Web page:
WHO ambassador and former British Prime Minister Gordon Brown on March 20 lauded “a high-powered intervention by 23 former national presidents, 22 former prime ministers, a former U.N. general secretary, and 3 Nobel Laureates ... to press for an urgent agreement from international negotiators on a Pandemic Accord.”
Mr. Brown called for unified global action to “expose fake news disinformation campaigns by conspiracy theorists trying to torpedo international agreement for the Pandemic Accord.”

He refuted criticisms that the pandemic treaty and IHR amendments would cede any sovereignty from member nations to the WHO.

People in protective suits spray disinfectant on a street in Shijiazhuang, which was declared a high-risk area for COVID-19 , in northern China's Hebei Province, on Jan. 15, 2021. (STR/CNS/AFP via Getty Images)

Critics Remain Unconvinced

Despite these assurances, however, the efforts to vest more power within the WHO continue to face resistance.
In recent months, Louisiana and Florida passed laws stating that state officials will not obey WHO directives, and other states, such as Oklahoma, are considering similar legislation.
On May 8, attorneys general from 22 U.S. states signed a letter to President Joe Biden urging him not to sign the WHO agreements and stating that they will resist any attempts by the WHO to set public health policy in their states.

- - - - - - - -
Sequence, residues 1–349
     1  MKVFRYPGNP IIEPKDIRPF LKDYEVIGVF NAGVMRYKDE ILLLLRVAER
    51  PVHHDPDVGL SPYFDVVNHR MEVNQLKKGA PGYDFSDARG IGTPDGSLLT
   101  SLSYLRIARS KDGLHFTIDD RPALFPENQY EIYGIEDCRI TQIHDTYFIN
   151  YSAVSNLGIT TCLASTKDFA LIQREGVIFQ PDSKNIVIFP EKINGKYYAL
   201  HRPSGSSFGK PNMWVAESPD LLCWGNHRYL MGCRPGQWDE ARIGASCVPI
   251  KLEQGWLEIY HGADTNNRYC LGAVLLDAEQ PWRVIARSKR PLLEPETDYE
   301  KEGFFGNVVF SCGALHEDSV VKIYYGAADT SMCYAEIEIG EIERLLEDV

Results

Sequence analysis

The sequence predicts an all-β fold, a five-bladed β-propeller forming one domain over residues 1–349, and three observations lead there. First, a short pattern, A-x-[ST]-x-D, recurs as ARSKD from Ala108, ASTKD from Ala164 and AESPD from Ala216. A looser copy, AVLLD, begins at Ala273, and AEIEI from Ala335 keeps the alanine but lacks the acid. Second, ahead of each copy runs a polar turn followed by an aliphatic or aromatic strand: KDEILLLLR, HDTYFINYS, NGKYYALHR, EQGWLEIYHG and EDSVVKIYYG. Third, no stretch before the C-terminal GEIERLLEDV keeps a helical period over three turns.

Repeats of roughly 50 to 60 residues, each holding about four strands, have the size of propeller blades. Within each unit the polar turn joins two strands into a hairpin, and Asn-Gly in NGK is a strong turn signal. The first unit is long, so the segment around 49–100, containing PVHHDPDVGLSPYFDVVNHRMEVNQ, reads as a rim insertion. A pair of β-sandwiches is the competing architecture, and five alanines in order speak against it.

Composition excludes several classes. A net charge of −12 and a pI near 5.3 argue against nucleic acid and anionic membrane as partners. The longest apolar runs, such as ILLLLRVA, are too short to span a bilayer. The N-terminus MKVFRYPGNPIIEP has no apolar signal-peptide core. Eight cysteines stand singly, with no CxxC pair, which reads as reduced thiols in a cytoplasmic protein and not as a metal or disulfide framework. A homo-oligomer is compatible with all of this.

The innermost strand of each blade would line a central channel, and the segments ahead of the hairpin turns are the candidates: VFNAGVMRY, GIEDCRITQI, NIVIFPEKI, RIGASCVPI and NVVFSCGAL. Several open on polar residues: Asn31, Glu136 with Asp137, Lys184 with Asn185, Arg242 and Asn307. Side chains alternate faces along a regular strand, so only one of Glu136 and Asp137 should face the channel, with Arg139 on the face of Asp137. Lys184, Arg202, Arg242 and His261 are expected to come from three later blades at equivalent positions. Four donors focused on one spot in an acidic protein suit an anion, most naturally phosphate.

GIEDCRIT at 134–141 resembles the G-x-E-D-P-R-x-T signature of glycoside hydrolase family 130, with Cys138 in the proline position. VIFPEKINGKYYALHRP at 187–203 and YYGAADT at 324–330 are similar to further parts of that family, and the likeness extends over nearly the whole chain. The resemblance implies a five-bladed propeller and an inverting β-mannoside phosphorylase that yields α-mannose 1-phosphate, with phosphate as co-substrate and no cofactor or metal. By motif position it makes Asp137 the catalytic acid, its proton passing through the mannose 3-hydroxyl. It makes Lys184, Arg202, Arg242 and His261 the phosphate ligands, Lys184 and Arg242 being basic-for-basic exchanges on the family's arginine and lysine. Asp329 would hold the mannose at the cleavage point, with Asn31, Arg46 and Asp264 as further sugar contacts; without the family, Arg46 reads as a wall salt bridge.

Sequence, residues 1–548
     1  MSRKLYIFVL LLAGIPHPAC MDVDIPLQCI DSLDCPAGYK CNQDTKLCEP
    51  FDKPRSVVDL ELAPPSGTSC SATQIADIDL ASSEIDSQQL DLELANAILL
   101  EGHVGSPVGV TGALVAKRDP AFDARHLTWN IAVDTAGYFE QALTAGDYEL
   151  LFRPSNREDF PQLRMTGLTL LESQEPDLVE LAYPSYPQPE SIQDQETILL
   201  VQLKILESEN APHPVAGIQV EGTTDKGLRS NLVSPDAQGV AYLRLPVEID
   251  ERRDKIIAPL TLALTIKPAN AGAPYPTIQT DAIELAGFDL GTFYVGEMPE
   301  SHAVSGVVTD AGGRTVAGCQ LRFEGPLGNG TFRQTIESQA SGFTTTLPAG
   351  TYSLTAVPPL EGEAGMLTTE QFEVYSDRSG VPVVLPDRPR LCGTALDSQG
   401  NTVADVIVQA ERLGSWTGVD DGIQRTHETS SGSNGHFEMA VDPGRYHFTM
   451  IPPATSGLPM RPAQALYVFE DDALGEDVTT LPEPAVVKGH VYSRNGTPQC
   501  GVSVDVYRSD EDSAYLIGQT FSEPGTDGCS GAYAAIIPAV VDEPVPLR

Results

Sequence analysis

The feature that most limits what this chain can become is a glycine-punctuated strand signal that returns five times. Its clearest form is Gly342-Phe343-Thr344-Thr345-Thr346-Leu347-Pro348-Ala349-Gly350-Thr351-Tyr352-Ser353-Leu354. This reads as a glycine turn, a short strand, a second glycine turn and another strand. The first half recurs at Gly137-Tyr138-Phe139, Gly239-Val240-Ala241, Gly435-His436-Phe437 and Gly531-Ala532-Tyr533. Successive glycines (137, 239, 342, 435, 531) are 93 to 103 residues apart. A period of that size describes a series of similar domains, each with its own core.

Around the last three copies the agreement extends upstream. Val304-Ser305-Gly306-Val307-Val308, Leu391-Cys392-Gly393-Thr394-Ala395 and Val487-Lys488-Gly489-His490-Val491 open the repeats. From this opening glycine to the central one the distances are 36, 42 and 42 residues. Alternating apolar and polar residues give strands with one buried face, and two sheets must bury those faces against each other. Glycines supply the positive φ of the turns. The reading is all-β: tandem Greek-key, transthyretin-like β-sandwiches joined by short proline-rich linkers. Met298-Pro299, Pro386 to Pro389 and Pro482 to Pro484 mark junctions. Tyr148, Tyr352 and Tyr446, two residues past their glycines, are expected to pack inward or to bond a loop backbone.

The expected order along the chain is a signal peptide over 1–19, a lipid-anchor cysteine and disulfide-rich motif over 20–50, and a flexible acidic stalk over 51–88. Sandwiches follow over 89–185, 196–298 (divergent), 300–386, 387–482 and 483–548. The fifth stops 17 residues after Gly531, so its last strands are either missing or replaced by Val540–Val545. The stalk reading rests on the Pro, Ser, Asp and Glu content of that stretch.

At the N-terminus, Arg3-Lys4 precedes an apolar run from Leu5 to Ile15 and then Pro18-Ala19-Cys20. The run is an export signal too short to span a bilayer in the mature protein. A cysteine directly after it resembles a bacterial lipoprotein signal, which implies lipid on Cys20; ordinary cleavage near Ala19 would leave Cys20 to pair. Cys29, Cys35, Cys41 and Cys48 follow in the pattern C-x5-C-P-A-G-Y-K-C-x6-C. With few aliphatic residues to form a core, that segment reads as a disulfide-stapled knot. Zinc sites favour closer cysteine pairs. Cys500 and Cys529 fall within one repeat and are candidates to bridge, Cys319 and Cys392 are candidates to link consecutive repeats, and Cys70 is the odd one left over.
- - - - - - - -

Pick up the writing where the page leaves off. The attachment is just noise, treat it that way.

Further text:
“Although the latest iteration is far better than previous versions, it’s still highly problematic,” the attorneys general wrote. “The fluid and opaque nature of these proceedings, moreover, could allow the most egregious provisions from past versions to return.

“Ultimately, the goal of these instruments isn’t to protect public health. It’s to cede authority to the WHO—specifically its director-general—to restrict our citizens’ rights to freedom of speech, privacy, movement (especially travel across borders), and informed consent.”

Amid this recalcitrance, the WHO has stepped back from some of the more controversial measures. The Biden administration is involved in negotiating the WHO treaty and has expressed support for it but hasn’t stated a definite intention to sign.